Tuesday, January 16, 2018
Editorials

Editorial: Finding a new route to school

When a region starts providing more efficient options for people to get around, all kinds of things are possible. Hence the recent suggestion from Pinellas County Commissioner Susan Latvala that the Pinellas County School Board consider having high school students use public transportation instead of yellow buses. That could be one of the benefits if voters approve a one-cent sales tax increase next year to greatly expand bus service for the Pinellas Suncoast Transit Authority and build the area's first light rail line from St. Petersburg to Clearwater. Latvala's idea has potential on several fronts.

Latvala, a board member for PSTA, isn't the only person to suggest the school district could follow the lead of other urban areas that have shifted older students to public transportation. Other communities, most notably Minneapolis and Des Moines, Iowa, where PSTA CEO Brad Miller worked before moving to Florida, have done so to transport thousands of students.

It is a particularly alluring idea for the peninsular Pinellas district, which spends $27 million in annual transportation costs and has been financially pinched because of a lack of enrollment growth. But the benefits of putting high school students on transit buses may be more than dollars and sense. New options for transporting older students could provide an opportunity to shift high schools' start times, which now come early to allow the district to run additional, later routes for elementary and middle students. Educators have long bemoaned that the high school schedule is contrary to the teenage sleep cycle and has a negative impact on learning.

Putting high school students on transit buses would also help build broader service for the community, including an emerging generation that is already less enthralled with the automobile than their parents. Driver's license acquisition among 16-year-olds in 2010 was just 28 percent, down from 46 percent in 1983, according to the University of Michigan Transportation Research Institute. Even among 20- to 24-year-olds, acquisition dropped from 92 percent to 81 percent over the same period. Researchers say the trend is due to multiple factors, from more stringent laws governing teens behind the wheel, higher auto insurance premiums and fuel costs, to the Internet, which has changed how people spend their free time.

Ultimately, however, Latvala's idea only has a chance if voters agree in November 2014 to a one-cent sales tax increase to replace the property tax that currently funds the PSTA and enable the agency to raise $128 million a year and dramatically expand service. The exciting conversation about what that investment could mean for Pinellas is just beginning.

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Editorial: Balancing the playing field for workers’ compensation

Editorial: Balancing the playing field for workers’ compensation

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Published: 01/16/18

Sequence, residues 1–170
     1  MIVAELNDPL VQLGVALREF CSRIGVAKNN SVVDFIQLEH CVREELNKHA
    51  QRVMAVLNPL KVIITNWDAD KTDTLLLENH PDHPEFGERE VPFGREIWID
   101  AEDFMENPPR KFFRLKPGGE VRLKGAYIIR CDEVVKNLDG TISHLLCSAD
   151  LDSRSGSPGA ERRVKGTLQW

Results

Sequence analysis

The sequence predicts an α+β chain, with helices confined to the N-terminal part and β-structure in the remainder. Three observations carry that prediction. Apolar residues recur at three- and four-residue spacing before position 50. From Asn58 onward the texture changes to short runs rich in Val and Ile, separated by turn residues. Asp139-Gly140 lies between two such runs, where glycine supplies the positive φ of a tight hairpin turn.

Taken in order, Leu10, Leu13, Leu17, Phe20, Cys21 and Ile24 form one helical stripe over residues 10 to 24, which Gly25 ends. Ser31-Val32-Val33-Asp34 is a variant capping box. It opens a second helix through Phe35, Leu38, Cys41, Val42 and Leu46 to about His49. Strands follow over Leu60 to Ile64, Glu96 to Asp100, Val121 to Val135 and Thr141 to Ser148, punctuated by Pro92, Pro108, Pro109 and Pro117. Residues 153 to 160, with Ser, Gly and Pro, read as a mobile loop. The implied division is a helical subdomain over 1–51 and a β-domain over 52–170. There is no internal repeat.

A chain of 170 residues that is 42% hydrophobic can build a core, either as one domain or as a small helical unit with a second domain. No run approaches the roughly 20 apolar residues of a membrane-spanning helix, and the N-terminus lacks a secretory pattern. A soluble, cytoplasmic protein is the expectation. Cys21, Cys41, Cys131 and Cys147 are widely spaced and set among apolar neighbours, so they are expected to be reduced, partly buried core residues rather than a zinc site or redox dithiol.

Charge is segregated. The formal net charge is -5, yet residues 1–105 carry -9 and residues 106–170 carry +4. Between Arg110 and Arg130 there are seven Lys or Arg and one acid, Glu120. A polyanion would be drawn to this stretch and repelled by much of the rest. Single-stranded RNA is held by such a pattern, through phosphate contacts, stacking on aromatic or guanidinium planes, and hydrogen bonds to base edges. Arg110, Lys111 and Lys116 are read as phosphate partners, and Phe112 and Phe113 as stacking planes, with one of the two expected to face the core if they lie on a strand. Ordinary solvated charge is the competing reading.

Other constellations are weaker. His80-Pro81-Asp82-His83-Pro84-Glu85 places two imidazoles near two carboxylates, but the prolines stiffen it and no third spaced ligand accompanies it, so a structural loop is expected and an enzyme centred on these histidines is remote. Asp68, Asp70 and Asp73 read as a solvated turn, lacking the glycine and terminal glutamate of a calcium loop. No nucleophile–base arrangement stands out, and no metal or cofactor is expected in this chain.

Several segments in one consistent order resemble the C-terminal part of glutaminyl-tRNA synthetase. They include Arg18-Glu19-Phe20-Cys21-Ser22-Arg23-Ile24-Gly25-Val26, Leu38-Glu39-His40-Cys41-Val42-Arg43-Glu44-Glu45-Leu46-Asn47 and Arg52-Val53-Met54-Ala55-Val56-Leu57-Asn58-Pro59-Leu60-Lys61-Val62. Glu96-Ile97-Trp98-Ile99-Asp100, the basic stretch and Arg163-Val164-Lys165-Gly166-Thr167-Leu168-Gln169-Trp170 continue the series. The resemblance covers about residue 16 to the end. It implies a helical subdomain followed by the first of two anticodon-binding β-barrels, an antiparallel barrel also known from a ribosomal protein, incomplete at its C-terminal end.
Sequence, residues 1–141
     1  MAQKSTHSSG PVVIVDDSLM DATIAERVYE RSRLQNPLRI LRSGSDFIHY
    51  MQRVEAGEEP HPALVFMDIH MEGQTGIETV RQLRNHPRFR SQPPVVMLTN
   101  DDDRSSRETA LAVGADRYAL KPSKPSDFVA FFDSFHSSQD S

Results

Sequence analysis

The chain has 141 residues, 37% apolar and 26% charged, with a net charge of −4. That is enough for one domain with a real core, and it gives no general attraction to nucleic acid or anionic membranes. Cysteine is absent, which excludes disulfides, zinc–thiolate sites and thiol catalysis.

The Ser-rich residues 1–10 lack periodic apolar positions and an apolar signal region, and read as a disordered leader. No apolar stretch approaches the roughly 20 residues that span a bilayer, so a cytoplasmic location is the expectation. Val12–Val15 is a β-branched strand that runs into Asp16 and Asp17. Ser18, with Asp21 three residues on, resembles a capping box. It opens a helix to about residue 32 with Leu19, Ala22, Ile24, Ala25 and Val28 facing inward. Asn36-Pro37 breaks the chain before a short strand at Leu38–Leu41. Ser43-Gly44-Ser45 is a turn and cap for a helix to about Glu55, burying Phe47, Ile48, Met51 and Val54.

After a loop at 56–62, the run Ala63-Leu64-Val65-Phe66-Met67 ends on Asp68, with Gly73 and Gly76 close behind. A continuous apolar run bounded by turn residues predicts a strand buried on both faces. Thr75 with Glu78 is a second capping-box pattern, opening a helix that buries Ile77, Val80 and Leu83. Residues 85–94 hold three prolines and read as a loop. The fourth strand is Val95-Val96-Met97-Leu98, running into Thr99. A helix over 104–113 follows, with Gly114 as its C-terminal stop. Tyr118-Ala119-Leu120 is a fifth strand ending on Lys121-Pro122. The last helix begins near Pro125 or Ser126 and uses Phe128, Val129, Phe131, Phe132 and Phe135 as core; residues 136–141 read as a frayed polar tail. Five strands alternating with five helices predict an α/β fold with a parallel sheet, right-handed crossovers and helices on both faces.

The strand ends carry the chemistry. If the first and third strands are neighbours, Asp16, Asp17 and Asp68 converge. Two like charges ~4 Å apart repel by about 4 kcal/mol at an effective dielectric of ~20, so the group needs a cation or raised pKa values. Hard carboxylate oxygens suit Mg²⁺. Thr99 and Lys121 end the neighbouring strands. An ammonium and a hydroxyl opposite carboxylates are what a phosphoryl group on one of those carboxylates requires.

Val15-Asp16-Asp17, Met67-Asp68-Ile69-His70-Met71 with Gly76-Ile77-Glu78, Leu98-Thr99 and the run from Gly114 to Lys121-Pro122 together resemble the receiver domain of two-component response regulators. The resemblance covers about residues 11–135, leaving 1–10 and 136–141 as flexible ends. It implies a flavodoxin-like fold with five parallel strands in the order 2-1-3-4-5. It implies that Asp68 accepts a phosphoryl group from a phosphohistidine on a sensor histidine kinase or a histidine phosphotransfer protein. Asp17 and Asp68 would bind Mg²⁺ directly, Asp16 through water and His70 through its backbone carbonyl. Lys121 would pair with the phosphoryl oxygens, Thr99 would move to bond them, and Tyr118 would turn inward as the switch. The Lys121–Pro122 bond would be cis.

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Cynicism has always been a part of politics, but rarely are politicians so brazen and self-serving as President Donald Trump and his interior secretary, Ryan Zinke, have been over the past week. First they announced a new offshore drilling plan that ...
Published: 01/16/18
Editorial: King’s legacy still relevant in digital age

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Today’s holiday honoring the legacy of Dr. Martin Luther King Jr. couldn’t be more timely. At a moment when the nation’s civic dialogue is choking on personal and political division, it is hard to remember an earlier time when role models were role m...
Published: 01/15/18
Editorial: Florida’s chance to make it easier to restore civil rights

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Published: 01/13/18
Editorial: Speak out against Trump’s vulgar remarks

Editorial: Speak out against Trump’s vulgar remarks

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Published: 01/12/18

Editorial: Pinellas commission stands up for accountability

The Pinellas County Commission has gotten the message that it should not be a rubber stamp. Commissioners sent a clear signal this week they will demand more accountability of local agencies by refusing to approve nominees for the board for CareerSou...
Published: 01/11/18
Updated: 01/12/18

Editorial: Progress on Tampa Bay graduation rates

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Published: 01/11/18
Updated: 01/12/18

Take deal; build wall

President Donald Trump says he is optimistic a deal can be struck to shield "Dreamers," the young undocumented immigrants whose lives he put in jeopardy by stripping them of work permits and deportation protection, beginning March 5. His price, and t...
Published: 01/10/18
Updated: 01/11/18
Editorial: Trump’s reversal on drilling a victory for Florida

Editorial: Trump’s reversal on drilling a victory for Florida

The Trump administration’s abrupt reversal on its foolhardy plan to allow more oil drilling off Florida’s coastlines is a win for the Sunshine State, regardless of whether it is based more on politics than environmental concerns. Drilling poses a uni...
Published: 01/10/18
Editorial: Welcome steps toward cracking down on dangerous teen parties

Editorial: Welcome steps toward cracking down on dangerous teen parties

Getting to the bottom of the shootings that left two people dead after a New Year’s Day teen party, one a 15-year-old girl, is the job of the Hillsborough County Sheriff’s Office. Investigators so far have said that the two security guards who fired ...
Published: 01/09/18
Updated: 01/12/18